OK. The nomination we just heard about involves reaching across the aisle. That's not something we hear much about. When it comes to the federal budget, if it feels like we haven't heard about the budget in a while, there's a reason for that. The process is stalled. Back in March, the House and Senate passed vastly different spending plans. In theory, the next step would be a conference committee to hash out the differences, but a handful of senators are blocking that from happening.
NPR's Uri Berliner is taking $5,000 of his own savings and putting it to work. Though he's no financial whiz or guru, he's exploring different types of investments â€” alternatives that may fare better than staying in a savings account that's not keeping up with inflation.
This year, nearly 1.7 million students will graduate from college. Many of them are engaged in a new ritual of the digital age: cleaning up and polishing their online profiles. The demand is so great an entire industry has sprung up to help.
According to numerous surveys, the vast majority of hiring managers routinely Google potential job candidates. And what they see on that first page of search results matters â€” a lot. Just ask Pete Kistler, who was a college junior when he started applying to a bunch of computer software firms, looking for a summer job.
From NPR News, this is ALL THINGS CONSIDERED. I'm Melissa Block.
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And I'm Robert Siegel. Smithfield Foods, one of the country's biggest meat producers is being sold to a Chinese company, the price $4.7 billion. If approved by regulators, this will be the biggest acquisition in history of a U.S. corporation by a Chinese company. NPR's Jim Zarroli reports.
If Al Capone were alive today, this is how he would be hiding his money. Those words yesterday from the head of the criminal investigation division at the IRS. He was talking about Liberty Reserve, an online currency exchange now accused of operating a $6 billion money-laundering operation. It's believed to be the largest online money-laundering case in history.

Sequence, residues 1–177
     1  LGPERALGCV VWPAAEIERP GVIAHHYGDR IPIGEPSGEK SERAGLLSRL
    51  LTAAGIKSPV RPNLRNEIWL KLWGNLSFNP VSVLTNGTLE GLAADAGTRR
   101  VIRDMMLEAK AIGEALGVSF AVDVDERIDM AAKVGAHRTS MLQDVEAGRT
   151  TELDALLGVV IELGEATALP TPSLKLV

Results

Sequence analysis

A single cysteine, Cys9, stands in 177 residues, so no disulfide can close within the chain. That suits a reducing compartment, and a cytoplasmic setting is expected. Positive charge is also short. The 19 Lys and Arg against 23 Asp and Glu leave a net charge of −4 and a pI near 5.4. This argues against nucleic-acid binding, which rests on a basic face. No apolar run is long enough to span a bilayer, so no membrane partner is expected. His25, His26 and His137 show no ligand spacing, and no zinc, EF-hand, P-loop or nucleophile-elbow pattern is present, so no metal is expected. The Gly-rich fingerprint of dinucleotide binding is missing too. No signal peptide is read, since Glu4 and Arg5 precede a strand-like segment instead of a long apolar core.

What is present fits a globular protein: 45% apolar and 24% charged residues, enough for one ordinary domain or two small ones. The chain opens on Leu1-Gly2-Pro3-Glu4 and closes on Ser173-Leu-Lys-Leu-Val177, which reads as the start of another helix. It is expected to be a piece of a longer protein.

House prices are going up. According to the S&P/Case-Shiller house price index in March, prices were up nearly 11 percent over the past year in the 20 cities surveyed. That's the fastest increase in seven years.
The cities with the three biggest increases were Phoenix, San Francisco and Las Vegas. For Vegas, prices have risen over 20 percent. It reminded me of touring ample vacant housing there with realtor Terri Monroe about a year-and-a-half ago.
A century ago, when fiery steel mills were roaring to life in Youngstown, Ohio, builders were racing to put up homes, storefronts, barbershops and more.
Today, many of those buildings sit empty and rotting. With the mills mostly gone and the population down 60 percent from 1960, to just 67,000, the city needs millions of dollars to tear down roughly 4,000 vacant structures.
One year after Facebook's troubled initial public offering, the Securities and Exchange Commission announced Wednesday that it has "charged Nasdaq with securities laws violations resulting from its poor systems and decision-making ... [and that] Nasdaq has agreed to settle the SEC's charges by paying a $10 million penalty."
After receiving complaints that a billboard advertisement included an image resembling Adolf Hitler, JC Penney has reportedly taken the sign down. The move came after images of the billboard in California's Culver City spurred a controversy on Reddit and elsewhere online. The retailer says any resemblance to the late leader of the Third Reich was unintended.